How Bad Is The U.S. Wrongful Conviction Problem?

richard miles exonorated

Richard Miles was convicted of murder in Dallas in 1996 and released in 2009 after it was discovered prosecutors hid reports implicating other suspects. (Image via texasobserver.org)

Our criminal justice system is less than perfect, a non-controversial fact which is one of the reasons we oppose the use of an absolute and irreversible punishment like execution.

The new National Registry of Exonerations, produced by the University of Michigan and Northwestern University law schools, provides a glimpse of just how imperfect.  It lists almost 900 known exonerations since 1989.  Around 100 of those listed had been sent to death row; the remainder had been sent to prison for everything from homicide to white collar crimes.

The Registry’s accompanying report (p. 84, Table 18), documents another 1,170 exonerations from a group of major law enforcement scandals, mostly involving drug crimes.

This snapshot of known exonerations is revealing.  According to the report summary, the chief causes of the wrongful convictions were faulty or perjured witness testimony and official misconduct, though almost a quarter involved bad forensic science, and 16% of those exonerated had initially falsely confessed.

But the exonerated represent only a portion of the wrongfully convicted.  Plenty of other innocent prisoners are falling through the cracks.  Most counties and states in the U.S. do not dedicate themselves to uncovering convictions of the innocent.  As the report summary states plainly: “It is clear that there are many more false convictions than exonerations.”

It is clear that there are many more false convictions than exonerations.

Whether you are exonerated or not can depend on anything from quality lawyering to plain luck. Often it depends on where you are.  For example, Santa Clara County in California, with a resident Innocence Project, has had 10 exonerations, while its neighbor to the north, Alameda County, without those resources, has had none.  Several counties with a million residents or more have had just one or zero exonerations, while in other large counties where there is greater oversight, like Dallas, Texas, there have been dozens.

Oversight at the same consistently high level nationally, rather than in just a handful of states and counties, would give us a truer picture of the scope of the wrongful conviction problem in our country, and would protect more innocent people from continued imprisonment or even execution.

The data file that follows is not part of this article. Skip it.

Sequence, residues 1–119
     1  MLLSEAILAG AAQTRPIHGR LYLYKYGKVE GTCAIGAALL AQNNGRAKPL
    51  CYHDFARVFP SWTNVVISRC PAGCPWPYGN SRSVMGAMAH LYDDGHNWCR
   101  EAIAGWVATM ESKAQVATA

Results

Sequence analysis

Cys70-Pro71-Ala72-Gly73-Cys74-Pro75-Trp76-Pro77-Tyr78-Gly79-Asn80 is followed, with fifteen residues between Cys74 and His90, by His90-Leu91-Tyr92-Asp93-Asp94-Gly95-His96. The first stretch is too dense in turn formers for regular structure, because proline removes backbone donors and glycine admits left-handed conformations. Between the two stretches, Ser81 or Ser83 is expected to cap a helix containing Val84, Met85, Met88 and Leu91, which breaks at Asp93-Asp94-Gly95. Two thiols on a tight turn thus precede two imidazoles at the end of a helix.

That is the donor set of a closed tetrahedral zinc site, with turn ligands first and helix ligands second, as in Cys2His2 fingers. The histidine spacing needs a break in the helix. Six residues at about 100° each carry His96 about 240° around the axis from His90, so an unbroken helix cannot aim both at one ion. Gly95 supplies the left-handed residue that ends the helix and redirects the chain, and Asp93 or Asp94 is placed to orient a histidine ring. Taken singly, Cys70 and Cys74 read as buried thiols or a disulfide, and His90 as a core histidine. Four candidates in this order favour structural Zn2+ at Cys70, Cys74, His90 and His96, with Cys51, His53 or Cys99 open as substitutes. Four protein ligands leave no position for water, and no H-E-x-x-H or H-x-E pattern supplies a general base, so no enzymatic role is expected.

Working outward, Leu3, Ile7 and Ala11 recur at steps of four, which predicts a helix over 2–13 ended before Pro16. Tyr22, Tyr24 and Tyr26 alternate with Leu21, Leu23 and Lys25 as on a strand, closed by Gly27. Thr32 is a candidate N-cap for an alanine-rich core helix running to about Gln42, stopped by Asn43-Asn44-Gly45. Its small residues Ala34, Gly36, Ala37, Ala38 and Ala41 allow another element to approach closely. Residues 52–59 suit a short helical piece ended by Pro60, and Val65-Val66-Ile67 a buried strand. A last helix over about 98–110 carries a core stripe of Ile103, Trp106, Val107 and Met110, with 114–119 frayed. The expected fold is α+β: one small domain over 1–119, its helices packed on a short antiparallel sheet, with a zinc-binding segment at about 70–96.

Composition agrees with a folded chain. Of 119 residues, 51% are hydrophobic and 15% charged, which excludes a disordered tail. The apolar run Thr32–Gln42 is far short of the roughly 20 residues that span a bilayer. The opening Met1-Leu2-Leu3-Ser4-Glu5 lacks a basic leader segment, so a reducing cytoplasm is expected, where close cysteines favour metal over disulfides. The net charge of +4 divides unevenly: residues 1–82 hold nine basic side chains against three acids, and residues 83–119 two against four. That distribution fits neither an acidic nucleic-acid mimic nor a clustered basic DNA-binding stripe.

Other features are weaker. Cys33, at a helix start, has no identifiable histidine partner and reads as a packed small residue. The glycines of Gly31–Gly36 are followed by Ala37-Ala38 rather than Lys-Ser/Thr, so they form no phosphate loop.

But the picture painted by the National Registry of Exonerations is disturbing even without more complete information.  It is also not terribly surprising.  We make mistakes. And we will continue to do so.

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11 thoughts on “How Bad Is The U.S. Wrongful Conviction Problem?

  1. Do they make mistakes or do they overlook cruelty. Some of these prosecutors just want to make a name for themselves and don't care who they step on to get to the top. It's sad that not everyone can afford adequate legal council to combat this obstruction of justice. If I had a voice I would use it to help all people.

  2. Having witnessed wrongful conviction due to a broken legal system first hand I feel that the system extorts pleas in exchage for expediancy and political gain. Cases take on a life of their own which frequently has very little to do with what actually happened . It is compounded by the attitude that convicted criminals deserve what they get while in prison with no care about the responsibilities of warehousing human beings who have already, in many cases, been victims themselves. Labeling seems to allow people to view prisoners as things and not people. This system needs to be changed. It is the most uncivilized thing I have ever witnessed. deb

  3. I dont understand why prosecutors', the detectives who investigate the cases and submit false evidence or hide evidence, the DA's and the witnesses who have been offered deals to give false testimony in court for their own freedom, dont have any accountability in these proven innocent cases. They should all be put before the court themselves.

  4. Most guilty people are guilty of something…maybe not as charged, but something. Most criminal lawyers will tell you they have never had a truly innocent client.

      • Which prison…a very fascist comment, matey…are you sure you should be on this website. Meself, I'm just an anarchist and a pirate…Arrrr!!

  5. The system is very flawed. There is no question about it. I don't know how you can even trust a system that still uses the capital punishment.

  6. This is a very big problem. I can understand some mistakes, but these numbers are very bad. And I'm sure the people who suffer because of this don't get anything back except for some apologies.